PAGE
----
I'm finally able to wrap up some things from the Southeastern Flower Show, though my garage still contains a giant tub of plants sitting in moist soil that came out of a number of different containers; one of tomorrow's projects is repotting those things to utilize them in some cool summer display.
I spent much more time at the show this year than I typically do, which gave me the opportunity to really look at some of the awesome exhibits in great detail. The show was smaller this year, but I felt it was much more appealing in lots of ways, as well.
On one of my many forays into the bookseller's booth, I picked up a book called "Great Gardens Great Designers," which starts out talking about how people changed their style of gardening in England at the turn of the last century; specifically they were responding to the Victorian collecting of exotics, and moving in a direction that was geared more to native plants, hardy plants, etc., that were more typical of England. The lightbulb went off for me that this is the same pattern we're seeing now, and it's why there was a certain comfort in this year's display gardens at the SEFS.
It was a treat to see so many gardens that were realistic for Atlanta, and weren't a collection of exotics that need to be disassembled in September to be crammed into the greenhouse for the winter. It seemed that many of the designers featured more of the things that do really well here -- lorapetalum in a million forms, lots of conifers that have proven their value here, azaleas, rhododendrons, gardenias, and such. It was also great to see very little turf being used in the display gardens....let's face it, there is nothing easy about growing a great lawn in Atlanta! What a radical idea to promote plants that actually do well here! Why not have a garden that identifies itself as an Atlanta style, rather than tropical, Mediterranean, or desert?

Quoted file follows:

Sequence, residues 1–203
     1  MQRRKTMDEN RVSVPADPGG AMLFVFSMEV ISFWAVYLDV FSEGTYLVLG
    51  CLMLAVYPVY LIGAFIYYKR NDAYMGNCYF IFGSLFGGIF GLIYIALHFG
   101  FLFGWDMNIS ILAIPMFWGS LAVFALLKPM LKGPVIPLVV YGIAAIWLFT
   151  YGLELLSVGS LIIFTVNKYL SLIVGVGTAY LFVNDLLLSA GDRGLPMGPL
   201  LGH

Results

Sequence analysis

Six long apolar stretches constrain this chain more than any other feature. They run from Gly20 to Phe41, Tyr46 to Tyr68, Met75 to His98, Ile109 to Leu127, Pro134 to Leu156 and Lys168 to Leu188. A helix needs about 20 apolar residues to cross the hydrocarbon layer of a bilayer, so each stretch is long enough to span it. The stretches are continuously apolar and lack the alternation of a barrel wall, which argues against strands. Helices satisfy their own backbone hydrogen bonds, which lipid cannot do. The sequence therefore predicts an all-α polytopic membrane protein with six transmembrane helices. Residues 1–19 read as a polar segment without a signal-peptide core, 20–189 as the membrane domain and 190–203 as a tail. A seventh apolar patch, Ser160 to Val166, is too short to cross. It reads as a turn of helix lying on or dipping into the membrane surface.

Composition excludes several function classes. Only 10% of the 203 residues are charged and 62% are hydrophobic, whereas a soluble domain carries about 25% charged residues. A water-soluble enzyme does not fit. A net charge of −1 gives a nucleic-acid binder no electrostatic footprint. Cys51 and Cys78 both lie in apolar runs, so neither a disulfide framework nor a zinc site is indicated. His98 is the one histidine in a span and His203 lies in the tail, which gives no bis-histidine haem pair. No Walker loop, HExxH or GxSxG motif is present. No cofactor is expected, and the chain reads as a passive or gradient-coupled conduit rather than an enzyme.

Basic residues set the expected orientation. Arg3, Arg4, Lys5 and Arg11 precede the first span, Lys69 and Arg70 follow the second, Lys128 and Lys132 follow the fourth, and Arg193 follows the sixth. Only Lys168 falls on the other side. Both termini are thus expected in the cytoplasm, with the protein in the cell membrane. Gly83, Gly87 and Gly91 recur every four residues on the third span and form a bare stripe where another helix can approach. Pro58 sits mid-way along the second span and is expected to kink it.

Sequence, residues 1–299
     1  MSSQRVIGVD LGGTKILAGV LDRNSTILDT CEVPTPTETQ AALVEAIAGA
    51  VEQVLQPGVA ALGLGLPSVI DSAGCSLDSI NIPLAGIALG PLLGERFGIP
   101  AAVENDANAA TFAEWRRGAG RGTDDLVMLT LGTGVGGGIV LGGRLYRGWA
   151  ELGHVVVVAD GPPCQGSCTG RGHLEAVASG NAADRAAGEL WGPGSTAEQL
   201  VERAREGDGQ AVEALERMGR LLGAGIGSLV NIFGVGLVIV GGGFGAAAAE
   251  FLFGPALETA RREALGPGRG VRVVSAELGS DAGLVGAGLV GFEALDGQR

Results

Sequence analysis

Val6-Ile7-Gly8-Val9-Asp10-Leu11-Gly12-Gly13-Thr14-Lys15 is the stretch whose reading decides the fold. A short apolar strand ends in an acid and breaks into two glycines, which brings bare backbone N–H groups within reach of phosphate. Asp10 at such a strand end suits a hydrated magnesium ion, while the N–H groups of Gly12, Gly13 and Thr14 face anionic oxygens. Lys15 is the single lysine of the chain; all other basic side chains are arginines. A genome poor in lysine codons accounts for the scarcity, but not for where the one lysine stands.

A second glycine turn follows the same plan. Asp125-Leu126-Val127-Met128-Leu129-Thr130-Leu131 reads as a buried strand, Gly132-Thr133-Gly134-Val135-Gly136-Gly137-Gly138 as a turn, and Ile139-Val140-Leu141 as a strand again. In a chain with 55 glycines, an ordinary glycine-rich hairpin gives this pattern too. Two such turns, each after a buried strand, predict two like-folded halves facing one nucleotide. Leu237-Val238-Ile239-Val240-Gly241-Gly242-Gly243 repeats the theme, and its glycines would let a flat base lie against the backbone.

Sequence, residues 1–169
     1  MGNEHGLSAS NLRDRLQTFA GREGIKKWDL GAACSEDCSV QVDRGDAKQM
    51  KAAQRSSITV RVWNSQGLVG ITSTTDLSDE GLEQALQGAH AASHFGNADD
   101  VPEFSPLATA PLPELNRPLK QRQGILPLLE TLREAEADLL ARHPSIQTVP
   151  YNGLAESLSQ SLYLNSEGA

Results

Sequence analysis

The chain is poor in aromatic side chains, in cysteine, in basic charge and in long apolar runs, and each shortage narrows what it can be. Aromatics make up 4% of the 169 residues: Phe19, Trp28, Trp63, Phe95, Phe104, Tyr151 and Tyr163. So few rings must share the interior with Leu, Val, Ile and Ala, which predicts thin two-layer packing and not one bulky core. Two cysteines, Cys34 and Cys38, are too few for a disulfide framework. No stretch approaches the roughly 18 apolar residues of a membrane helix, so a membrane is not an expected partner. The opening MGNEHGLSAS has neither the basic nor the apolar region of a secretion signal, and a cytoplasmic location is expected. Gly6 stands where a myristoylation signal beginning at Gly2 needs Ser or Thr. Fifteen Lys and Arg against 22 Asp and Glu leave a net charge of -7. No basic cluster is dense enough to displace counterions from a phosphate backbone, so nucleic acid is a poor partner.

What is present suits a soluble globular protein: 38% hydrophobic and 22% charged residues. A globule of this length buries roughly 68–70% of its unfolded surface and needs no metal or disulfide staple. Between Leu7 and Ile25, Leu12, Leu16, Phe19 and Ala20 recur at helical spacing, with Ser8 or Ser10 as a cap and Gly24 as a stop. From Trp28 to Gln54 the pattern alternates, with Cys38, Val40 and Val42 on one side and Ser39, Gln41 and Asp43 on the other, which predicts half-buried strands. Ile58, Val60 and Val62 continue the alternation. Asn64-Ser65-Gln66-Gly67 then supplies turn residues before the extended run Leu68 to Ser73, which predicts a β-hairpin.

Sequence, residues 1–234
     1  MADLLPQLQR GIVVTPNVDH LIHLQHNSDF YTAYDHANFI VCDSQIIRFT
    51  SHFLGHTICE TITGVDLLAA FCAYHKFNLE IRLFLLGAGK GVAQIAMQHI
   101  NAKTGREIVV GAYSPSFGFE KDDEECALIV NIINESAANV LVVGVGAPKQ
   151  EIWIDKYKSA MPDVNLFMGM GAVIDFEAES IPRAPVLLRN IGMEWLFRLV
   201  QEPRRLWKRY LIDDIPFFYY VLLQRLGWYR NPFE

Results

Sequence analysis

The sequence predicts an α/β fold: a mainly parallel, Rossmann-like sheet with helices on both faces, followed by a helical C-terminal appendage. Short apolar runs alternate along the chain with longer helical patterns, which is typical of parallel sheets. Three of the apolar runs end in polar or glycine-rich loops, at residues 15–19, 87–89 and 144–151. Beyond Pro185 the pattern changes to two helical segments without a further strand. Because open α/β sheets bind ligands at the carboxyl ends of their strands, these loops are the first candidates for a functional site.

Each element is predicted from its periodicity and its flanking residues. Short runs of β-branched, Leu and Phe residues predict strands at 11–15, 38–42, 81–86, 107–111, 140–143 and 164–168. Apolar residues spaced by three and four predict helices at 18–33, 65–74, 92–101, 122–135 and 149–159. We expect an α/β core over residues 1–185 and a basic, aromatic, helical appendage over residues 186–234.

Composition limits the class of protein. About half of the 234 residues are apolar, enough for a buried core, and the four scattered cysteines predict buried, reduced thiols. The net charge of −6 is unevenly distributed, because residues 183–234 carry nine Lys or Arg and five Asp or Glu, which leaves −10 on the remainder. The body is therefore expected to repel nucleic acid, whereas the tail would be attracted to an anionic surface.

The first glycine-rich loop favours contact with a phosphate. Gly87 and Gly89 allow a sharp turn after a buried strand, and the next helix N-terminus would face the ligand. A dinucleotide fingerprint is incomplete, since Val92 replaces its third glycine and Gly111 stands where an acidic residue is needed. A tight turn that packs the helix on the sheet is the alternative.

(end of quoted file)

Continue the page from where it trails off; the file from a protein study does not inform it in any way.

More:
I was very proud to have only purchased two new plants for my garden at this year's show. First I got an amazing pine (Pinus densiflora "Aurea") with chartreuse needles that is going to be amazing against a backdrop of magnolias and hollies in my garden; second, I got several "Bramble Ferns," which are native. Anyone who know me is clear that I'm not one of the native plant geeks, but this fern is just beautiful, growing about 3 feet tall in and around camellias, pines, azaleas, etc. It's my new filler plant, to bring some sense of order to my wooded area......as if that's possible.....